Bridging Disciplines and Making New Connections to Understand Science Learning

What do biology, learning sciences and learning analytics have in common? And how can insights from each field be utilized to understand how people learn and understand science? Learn more in the latest NEXUS article by Dr. Melanie Peffer.

Author: Melanie Peffer

Melanie has a B.S. and Ph.D. in molecular biology from the University of Pittsburgh and completed postdoctoral training in learning sciences at Georgia State University. She is affiliated with the University of Colorado Boulder as a researcher in the Institute of Cognitive Science and teaches introductory biology as part of the Health Professionals Residential Academic Program. Dr. Peffer is the author of the best-selling trade book, Biology Everywhere: How the science of life matters to everyday life. When not writing, Melanie enjoys playing her flute and piccolo and enjoying all that Colorado has to offer in the great outdoors with her husband and son.

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Photo Pittsburgh, PA — a city connected by bridges by Benjamin Rascoe (@dapperprofessional)

Bridging Disciplines and Making New Connections to Understand Science Learning

What do biology, learning sciences and learning analytics have in common?

Well, in my case – they are the pillars of my research program. And combining the three together provides new insights into how people learn and understand science. But I’ll get there in a minute – for now, how did I end up with a research program that sits comfortably in three disciplines?

I earned my PhD in molecular biology and realized part way through my graduate program I was far more interested in how people learned biology.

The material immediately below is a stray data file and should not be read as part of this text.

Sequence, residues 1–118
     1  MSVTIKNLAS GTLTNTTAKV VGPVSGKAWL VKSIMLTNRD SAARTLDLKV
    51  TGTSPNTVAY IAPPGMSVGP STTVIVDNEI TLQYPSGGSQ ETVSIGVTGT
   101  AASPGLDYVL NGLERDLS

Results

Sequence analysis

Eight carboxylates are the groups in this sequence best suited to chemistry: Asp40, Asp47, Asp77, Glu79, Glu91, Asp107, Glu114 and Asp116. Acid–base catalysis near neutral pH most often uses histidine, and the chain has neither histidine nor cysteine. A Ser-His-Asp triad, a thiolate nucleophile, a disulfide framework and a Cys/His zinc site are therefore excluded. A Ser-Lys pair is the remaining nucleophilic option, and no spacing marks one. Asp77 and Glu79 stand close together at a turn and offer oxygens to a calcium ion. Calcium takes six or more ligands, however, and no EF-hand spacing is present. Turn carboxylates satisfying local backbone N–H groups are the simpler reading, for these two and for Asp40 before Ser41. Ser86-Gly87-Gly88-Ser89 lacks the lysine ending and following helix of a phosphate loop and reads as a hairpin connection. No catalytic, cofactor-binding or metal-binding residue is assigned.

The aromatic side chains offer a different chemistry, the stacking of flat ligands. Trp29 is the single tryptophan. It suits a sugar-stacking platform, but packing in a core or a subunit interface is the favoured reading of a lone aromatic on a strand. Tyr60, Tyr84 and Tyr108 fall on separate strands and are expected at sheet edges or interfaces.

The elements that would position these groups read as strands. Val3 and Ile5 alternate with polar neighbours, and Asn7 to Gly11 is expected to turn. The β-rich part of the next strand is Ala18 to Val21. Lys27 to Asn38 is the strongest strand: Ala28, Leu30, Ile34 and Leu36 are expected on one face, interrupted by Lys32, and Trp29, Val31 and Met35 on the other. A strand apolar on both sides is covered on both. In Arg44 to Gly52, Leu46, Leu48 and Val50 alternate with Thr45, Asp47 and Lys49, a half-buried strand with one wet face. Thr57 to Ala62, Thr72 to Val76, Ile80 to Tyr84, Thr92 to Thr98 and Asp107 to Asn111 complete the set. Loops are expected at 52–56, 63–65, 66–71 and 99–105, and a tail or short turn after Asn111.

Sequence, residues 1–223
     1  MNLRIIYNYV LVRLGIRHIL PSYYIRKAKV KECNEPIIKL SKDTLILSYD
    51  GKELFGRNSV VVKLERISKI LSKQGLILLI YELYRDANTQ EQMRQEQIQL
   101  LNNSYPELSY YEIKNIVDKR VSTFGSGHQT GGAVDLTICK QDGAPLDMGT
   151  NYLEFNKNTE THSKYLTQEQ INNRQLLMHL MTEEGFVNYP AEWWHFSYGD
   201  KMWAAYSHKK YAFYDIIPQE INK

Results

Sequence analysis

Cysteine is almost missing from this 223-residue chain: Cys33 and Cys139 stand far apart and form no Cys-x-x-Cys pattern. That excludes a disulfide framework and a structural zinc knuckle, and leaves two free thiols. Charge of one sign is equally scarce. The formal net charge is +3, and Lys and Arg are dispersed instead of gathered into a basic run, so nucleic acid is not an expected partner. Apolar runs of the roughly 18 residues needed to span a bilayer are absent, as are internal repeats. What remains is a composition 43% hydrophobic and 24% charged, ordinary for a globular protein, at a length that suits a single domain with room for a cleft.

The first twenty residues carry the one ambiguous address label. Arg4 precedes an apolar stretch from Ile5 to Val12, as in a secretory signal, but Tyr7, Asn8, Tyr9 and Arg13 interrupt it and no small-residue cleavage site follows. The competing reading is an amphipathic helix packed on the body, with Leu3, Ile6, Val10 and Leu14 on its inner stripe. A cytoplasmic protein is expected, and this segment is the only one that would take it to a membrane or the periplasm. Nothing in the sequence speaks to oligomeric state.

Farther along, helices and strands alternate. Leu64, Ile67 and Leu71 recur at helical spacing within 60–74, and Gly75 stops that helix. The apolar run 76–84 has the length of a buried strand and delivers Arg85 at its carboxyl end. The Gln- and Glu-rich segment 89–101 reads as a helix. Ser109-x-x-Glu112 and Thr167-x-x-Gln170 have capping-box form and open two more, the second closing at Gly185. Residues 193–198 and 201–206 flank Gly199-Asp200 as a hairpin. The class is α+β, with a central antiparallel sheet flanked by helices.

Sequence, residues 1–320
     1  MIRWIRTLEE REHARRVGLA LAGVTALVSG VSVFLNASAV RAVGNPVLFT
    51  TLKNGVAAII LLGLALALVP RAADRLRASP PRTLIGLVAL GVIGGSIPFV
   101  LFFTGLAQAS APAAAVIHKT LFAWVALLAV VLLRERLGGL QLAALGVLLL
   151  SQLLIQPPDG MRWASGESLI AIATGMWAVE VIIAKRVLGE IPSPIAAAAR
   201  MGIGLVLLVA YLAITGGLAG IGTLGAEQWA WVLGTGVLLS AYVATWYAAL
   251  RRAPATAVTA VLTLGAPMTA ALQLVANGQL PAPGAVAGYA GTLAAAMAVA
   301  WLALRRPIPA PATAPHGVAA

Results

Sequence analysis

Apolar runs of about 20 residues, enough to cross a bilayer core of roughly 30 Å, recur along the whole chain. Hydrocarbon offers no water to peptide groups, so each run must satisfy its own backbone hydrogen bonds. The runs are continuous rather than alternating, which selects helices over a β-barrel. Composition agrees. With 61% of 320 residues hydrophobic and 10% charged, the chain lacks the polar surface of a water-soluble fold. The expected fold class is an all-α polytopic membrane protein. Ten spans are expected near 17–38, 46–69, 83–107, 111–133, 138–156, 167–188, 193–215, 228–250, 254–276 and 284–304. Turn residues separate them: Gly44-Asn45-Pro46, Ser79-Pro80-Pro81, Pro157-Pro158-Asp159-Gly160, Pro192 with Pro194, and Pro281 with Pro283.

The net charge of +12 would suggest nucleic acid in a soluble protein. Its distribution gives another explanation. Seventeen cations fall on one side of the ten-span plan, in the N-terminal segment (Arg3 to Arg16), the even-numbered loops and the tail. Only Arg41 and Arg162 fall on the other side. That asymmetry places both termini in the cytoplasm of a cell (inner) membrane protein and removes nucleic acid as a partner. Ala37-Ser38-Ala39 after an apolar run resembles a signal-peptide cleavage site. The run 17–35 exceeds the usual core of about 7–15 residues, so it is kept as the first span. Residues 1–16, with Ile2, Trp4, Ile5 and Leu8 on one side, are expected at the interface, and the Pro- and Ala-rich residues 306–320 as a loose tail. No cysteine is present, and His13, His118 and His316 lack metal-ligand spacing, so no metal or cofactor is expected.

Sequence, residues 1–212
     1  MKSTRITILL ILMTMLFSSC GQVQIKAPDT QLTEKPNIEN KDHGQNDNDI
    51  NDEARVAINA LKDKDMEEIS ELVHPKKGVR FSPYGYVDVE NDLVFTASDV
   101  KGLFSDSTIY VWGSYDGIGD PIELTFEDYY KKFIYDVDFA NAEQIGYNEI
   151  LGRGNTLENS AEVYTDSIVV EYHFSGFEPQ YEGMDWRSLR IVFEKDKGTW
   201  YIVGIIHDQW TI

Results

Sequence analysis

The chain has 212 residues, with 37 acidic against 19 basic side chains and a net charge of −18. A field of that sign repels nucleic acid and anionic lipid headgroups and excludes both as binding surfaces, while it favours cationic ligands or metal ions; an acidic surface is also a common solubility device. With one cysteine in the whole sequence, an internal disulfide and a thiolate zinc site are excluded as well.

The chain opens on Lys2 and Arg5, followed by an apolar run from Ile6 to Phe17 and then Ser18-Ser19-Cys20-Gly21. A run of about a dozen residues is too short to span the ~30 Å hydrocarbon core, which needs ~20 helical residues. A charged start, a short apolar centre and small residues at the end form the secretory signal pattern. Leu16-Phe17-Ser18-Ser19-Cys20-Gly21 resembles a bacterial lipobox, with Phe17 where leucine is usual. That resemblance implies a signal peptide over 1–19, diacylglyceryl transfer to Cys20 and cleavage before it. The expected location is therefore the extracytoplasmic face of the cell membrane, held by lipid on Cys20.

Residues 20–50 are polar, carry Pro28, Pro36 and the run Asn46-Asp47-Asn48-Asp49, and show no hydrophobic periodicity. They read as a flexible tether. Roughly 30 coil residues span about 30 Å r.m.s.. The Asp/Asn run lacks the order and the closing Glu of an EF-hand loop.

During the later half of graduate school, I volunteered in the education department at the Pittsburgh Zoo and PPG Aquarium. As I worked with middle school and high school students on the weekends and my dissertation research on the weekdays, I pondered how to translate what I did all week in a laboratory, into the classroom.

Or said otherwise, how we give authentic science experiences to students. This led to the genesis of the Science Classroom Inquiry (SCI) simulations. SCI simulations give students an authentic science inquiry experience as a WebApp. Students are positioned as scientists tasked with solving some real-world unstructured problem. Much like real world problems, there isn’t an answer at the end either. The authenticity is derived from having multiple methods for completing the simulation, the ability to fail and start over, and the lack of a final answer.

Figure 1. Screenshot from Invasion of the Grackles SCI Simulation

I wanted to measure epistemological beliefs about science, or beliefs that individuals have about the nature of science knowledge and how that knowledge is created through inquiry. Understanding beliefs individuals have about science knowledge is important for knowing how to teach science as well as cultivating a scientifically literate society.

Beliefs are difficult to measure. Sometimes our beliefs aren’t fully realized. Or, when given a metric, an individual will respond with the perceived “right” answer, rather than what they actually believe.

Prior theoretical work suggested that looking at what students do in an authentic science practice (like that provided by SCI), was a better measure of what they believed. During my postdoctoral appointment, I struggled to figure out exactly how to achieve this. How could I use practices in SCI to understand what people believed about the nature of science knowledge?

I first heard about learning analytics at the Computer Supported Collaborative Learning in Gothenburg, Sweden in 2015. It was an Ah-ha! moment for sure. I realized that analytics techniques like natural language processing and clustering could be utilized to understand epistemological beliefs about science.

Here I summarize some of my prior work at the intersection of biology, learning sciences, and learning analytics. I also provide some perspectives on the rise of discipline-based education research (DBER) and how learning analytics can be leveraged to understand how learning works in science classrooms, and ultimately provide guidance on teaching in science classrooms.


Language as proxy for belief

As part of the SCI simulation, students are frequently prompted to respond to prompts. These include explaining rationale for their hypotheses, interpretations of data discovered during inquiry, and also their final conclusions.